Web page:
The constables were mandated to patrol every street of the town to locate instances of assault and battery, damage, injury or spoliation of public or private property. These were usually the result of conflicts over land and were usually made by complaint of the offended landowners. The guilty party was made to pay up to £5 or to be imprisoned for up to 30 days. Imprisonment often included hard labour, which could be mandated to an estate.

The business enterprise of the freed people was also blacklisted among the undesirable practices the constables were expected to expose. The law prohibited vending outside the market shed, selling any goods in any part of the island on Sunday and opening shops or stores on Sunday.

Meat, fish and turtle were only to be sold in the market shed five minutes after the sale was announced by blowing shells, or could be sold in any store before, between or after the times specified for divine services on Sundays. But the tradition of selling fish and seafood on the beach when the boats came in by blowing shells was already a well-established practice.

Constables were required to examine weights and measures used in all businesses to ensure only imperial weights were in use on meat, fish and turtle, which were to be sold only in the market shed. Those caught selling elsewhere were liable to a fine of ten shillings or 48 hours' jail.

People caught gambling, rioting, dancing or drunk were to be imprisoned and all goods and musical instruments in their possession to be seized and confiscated according to the decision of the magistrate. Offenders were to be fined 40 shillings, in default of which they could be imprisoned for up to five days.

Constables were to apprehend people cursing, swearing, using obscene language or for indecent exposure in the public streets, gaming or drunk in tipping houses, quarrelling or fighting in streets or public places, and "common prostitutes" or night walkers loitering and or soliciting to the annoyance and obstruction of passengers and inhabitants of the town.

Constables were to be on the alert for animal-related offences, which included cruelly whipping, beating or ill-using an animal, offering animals for sale outside the markets, tethering them on private or public property and leaving them loose in public spaces.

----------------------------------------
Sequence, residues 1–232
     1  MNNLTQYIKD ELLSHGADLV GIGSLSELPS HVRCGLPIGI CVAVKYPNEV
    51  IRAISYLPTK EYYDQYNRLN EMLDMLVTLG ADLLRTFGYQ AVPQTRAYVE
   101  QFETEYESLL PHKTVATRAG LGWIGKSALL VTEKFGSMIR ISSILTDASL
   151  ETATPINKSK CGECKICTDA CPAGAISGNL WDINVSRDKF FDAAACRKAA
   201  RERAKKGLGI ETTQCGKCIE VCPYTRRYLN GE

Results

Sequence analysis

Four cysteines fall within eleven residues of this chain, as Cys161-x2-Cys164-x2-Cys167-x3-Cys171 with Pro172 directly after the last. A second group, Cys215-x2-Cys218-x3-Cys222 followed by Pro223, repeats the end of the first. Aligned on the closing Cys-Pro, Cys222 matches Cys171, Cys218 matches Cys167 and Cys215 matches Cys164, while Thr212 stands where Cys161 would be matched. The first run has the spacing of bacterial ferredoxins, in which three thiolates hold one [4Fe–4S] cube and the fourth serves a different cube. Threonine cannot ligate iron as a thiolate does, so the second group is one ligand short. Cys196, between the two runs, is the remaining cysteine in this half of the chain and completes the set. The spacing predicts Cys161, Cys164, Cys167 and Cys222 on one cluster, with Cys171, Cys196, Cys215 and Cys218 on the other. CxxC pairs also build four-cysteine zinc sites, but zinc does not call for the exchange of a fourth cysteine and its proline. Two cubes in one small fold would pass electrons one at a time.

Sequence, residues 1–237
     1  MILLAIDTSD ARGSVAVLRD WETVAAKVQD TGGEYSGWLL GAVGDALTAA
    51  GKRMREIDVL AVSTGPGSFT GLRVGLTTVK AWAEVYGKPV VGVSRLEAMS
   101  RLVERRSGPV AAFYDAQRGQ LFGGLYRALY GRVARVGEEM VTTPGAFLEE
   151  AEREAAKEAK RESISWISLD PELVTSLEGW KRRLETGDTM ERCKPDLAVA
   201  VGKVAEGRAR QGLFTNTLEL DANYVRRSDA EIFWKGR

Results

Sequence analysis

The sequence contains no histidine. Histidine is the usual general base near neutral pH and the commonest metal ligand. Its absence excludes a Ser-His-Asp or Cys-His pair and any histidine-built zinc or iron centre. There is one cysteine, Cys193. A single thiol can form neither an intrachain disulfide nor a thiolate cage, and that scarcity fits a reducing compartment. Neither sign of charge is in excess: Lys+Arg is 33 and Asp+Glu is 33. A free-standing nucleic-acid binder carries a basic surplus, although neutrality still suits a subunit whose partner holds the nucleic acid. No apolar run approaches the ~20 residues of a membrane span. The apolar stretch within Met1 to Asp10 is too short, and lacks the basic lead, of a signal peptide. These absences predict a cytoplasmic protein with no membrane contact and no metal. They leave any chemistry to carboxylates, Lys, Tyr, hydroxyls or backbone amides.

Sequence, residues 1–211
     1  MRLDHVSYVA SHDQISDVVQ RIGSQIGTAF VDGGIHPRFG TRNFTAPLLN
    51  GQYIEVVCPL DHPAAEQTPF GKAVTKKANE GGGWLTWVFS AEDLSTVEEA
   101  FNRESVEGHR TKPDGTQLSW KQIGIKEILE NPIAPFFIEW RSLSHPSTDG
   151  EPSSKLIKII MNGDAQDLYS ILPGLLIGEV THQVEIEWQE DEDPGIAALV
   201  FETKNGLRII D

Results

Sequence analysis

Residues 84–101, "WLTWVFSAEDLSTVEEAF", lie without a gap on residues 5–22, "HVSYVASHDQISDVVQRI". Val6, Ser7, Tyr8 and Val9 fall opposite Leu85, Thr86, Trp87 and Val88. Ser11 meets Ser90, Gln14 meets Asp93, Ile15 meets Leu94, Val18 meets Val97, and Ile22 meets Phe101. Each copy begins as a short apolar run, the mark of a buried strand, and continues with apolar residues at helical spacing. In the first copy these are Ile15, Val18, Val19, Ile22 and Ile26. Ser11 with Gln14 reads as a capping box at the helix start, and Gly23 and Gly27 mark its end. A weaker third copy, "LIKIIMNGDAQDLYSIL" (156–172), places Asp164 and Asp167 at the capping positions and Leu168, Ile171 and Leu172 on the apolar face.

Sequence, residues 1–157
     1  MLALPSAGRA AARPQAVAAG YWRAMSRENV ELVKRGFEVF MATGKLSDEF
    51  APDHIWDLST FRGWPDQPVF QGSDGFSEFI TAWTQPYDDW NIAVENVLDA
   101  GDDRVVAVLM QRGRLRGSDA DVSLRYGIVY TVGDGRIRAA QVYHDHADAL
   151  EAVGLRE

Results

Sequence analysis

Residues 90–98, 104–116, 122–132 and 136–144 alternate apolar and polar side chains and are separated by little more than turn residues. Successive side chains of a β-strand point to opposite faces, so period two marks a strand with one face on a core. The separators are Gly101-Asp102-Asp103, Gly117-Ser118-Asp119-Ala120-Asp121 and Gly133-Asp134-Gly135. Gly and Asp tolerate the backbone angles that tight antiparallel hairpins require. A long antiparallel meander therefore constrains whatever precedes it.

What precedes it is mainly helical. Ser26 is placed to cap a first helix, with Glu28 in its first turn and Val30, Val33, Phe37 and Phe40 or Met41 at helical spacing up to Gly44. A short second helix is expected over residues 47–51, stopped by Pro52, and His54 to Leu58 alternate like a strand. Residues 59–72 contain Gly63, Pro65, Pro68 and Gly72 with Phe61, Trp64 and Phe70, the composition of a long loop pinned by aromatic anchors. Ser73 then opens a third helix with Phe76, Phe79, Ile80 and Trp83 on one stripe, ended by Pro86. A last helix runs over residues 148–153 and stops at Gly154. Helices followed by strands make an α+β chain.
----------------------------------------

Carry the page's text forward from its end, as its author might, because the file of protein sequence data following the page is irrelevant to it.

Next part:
Their duties also included apprehension for negligent or unauthorised driving of cattle, improper driving of carriages which could endanger the lives of passengers and users of the roads and obstructing the streets of the town by loading carts, carriages, trucks, or barrows for extended periods.

Their duties also included checking books and publications for indecent writings, drawings or paintings, for those who wrote and sang profane songs, and writings with indecent or obscene language that were offensive to the inhabitants.

The central responsibility of the constables was to apprehend those whose actions could cause an immediate escalation into breaches of the peace, such as using threatening words and abusive or insulting language. This was a hangover law from the period of enslavement, when the enslaved were severely punished for disrespectful conduct to their superiors.

In addition, those who possessed and discharged firearms, threw stones or missiles or were prone to setting fires were to be apprehended. People flying kites or playing games that annoyed the inhabitants would attract a fine of £2 or up to five days in the Scarborough jail, with or without hard labour.

Constables were also to prevent the removal of stones or sand from the beaches in Scarborough and the dumping rubbish on the streets of Scarborough or towns. Such offenders could be charged £3 or 20 days' imprisonment. Constables were also required to inspect empty lots to detect and punish those who deposited garbage on them.

The Tobago police service began with the onus being placed on constables who were appointed to maintain the island’s status quo, but the tasks were varied and extensive and the numbers of constables inadequate to the volume of work expected of them.


"‘Breaches of the peace’ and development of policing in Tobago"